Ohio House District 88

Breaking away from the confines of the greater Columbus area, we’ll turn our focus to a race that has received some national headlines. Rachel Crooks is the Democratic challenger, a woman from the northwest Ohio region who has accused Donald Trump of sexually assaulting her while she lived in New York in 2005. Crooks has run a strong campaign, but she faces an uphill battle against Republican incumbent Bill Reineke. Still, her story is powerful and the impressive candidate refuses to let the Trump accusation define her.

Ohio State Senate

  • District 7 – Sara Bitter vs Steve Wilson (incumbent)
  • District 11 – Teresa Fedor vs Ernest McCarthy – Open seat
  • District 13 – Sharon Sweda vs Nathan Manning – Open seat
  • District 19 – Louise Valentine vs Andrew Brenner – Open seat
  • District 23 – Nickie Antonio vs Steve Flores – Open seat
  • District 29 – Lauren Friedman vs Kirk Schuring – Open seat
  • District 31 – Melinda Miller vs Jay Hottinger (incumbent)

Ohio House of Representatives

  • District 9 – Janine Boyd (incumbent) vs Joe Miller
  • District 12 – Juanita Brent – Unopposed – Open seat
  • District 14 – Bridge Rose Sweeney vs Ryan McClain (Libertarian) – Open seat
  • District 18 – Kristin Boggs (incumbent) vs David Todd
  • District 19 – Mary Lightbody vs Tim Barhorst – Open seat
  • District 21 – Beth Liston vs Stu Harris – Open seat
  • District 24 – Allison Russo vs Erik Yassenoff – Open seat
  • District 25 – Bernadine Kennedy Kent (incumbent) vs Debbie Staggs
  • District 26 – Erica Crawley vs Shareeque Arife Sadiq – Open seat
  • District 27 – Christine Fisher vs Tom Brinkman Jr. (incumbent)
  • District 28 – Jessica Miranda vs Jonathan Dever (incumbent)
  • District 29 – Carrie Davis vs Louis W Blessing (incumbent)
  • District 31 – Brigid Kelly (incumbent) – Unopposed – Open seat
  • District 34 – Emilia Sykes (incumbent) vs Josh Sines
  • District 35 – Tavia Golonski (incumbent) vs Osita Obierika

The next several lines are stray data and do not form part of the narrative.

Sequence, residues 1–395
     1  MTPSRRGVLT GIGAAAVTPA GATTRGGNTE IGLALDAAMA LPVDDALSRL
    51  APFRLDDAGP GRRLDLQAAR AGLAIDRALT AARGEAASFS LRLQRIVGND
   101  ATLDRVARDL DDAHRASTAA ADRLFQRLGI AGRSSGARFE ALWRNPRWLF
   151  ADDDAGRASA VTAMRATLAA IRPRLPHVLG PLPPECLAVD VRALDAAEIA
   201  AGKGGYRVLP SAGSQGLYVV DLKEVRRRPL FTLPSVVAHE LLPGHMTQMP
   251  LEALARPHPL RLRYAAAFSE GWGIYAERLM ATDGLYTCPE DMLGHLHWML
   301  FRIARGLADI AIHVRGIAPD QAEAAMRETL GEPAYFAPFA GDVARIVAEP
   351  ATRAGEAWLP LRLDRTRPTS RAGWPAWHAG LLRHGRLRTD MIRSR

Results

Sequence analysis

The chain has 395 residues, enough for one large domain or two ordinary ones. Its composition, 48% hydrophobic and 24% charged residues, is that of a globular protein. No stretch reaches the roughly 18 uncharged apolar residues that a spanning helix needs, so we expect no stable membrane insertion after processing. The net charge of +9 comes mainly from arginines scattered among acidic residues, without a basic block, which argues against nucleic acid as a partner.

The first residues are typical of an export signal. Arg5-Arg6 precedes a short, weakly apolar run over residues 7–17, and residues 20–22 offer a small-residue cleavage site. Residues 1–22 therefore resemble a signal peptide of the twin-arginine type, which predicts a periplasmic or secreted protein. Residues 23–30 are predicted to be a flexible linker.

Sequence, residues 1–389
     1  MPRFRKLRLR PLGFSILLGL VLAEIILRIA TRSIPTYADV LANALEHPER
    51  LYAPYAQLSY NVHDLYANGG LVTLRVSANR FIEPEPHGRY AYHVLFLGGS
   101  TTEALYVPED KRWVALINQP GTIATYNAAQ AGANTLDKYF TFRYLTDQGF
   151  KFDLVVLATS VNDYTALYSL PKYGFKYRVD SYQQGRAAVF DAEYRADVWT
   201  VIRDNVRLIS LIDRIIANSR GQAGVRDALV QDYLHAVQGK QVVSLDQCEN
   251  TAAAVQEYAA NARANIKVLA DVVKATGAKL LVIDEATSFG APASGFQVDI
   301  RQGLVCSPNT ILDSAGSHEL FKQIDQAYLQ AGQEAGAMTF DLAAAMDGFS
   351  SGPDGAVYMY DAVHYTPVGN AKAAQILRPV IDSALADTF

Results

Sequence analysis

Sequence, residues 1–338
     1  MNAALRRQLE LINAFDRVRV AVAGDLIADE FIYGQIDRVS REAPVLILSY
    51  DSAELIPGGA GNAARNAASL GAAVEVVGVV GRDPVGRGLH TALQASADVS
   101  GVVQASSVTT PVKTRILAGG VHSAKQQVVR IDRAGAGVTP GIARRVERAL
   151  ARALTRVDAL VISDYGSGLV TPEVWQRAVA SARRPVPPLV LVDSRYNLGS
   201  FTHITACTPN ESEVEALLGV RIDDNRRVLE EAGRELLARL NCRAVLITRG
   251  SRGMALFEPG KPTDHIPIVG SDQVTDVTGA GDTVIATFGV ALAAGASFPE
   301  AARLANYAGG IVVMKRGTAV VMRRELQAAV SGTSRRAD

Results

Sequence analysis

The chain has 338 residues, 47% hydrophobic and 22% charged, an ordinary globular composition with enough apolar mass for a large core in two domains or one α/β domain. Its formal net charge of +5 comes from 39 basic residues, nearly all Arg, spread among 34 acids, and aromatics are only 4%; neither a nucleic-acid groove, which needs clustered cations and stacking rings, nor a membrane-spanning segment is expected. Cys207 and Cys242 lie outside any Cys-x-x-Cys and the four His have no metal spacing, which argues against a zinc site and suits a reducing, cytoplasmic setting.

• District 40 – Ryan Rebecca Taylor vs Phil Plummer – Open seat
  • District 44 – Paula Hicks-Hudson -Unopposed – Open seat
  • District 45 – Lisa Sobecki vs David Davenport – Open seat
  • District 48 – Lorraine Wilburn vs Scott Oelslager – Open seat
  • District 50 – Cassie Gabelt vs Reggie Stoltzfus – Open seat
  • District 52 – Kathy Wyenandt vs George Lang (incumbent)
  • District 54 – Nikki Foster vs Paul Zeltwanger (incumbent)
  • District 58 – Michele Lepore-Hagan (incumbent) vs David Simon
  • District 65 – Patricia Lawrence vs John Becker (incumbent)
  • District 68 – Kathleen Tate vs Rick Carfagna (incumbent)
  • District 69 – Carol Brenstuhl vs Rick Carfagna (incumbent)
  • District 73 – Kim McCarthy vs Rick Perales (incumbent)
  • District 74 – Anne Gorman vs Bill Dean (incumbent)
  • District 75 – Randi Clites vs Jim Lutz – Open seat
  • District 78 – Amber Daniels vs Ron Hood (incumbent)
  • District 79 – Amanda Finfrock vs Kyle Koehler (incumbent)
  • District 81 – Janet Breneman vs James Hoops (incumbent)
  • District 83 – Mary Harshfield vs Jon Cross – Open seat
  • District 87 – Mary Pierce-Broadwater vs Riordan McClain (incumbent)
  • District 88 – Rachel Crooks vs Bill Reineke (incumbent)
  • District 90 – Adrienne Buckler vs Brian Baldridge – Open seat
  • District 92 – Beth Workman vs Gary Scherer (incumbent)
  • District 93 – Samantha Thomas-Bush vs Ryan Smith (incumbent)
  • District 97 – Kristine Geis vs Brian Hill (incumbent)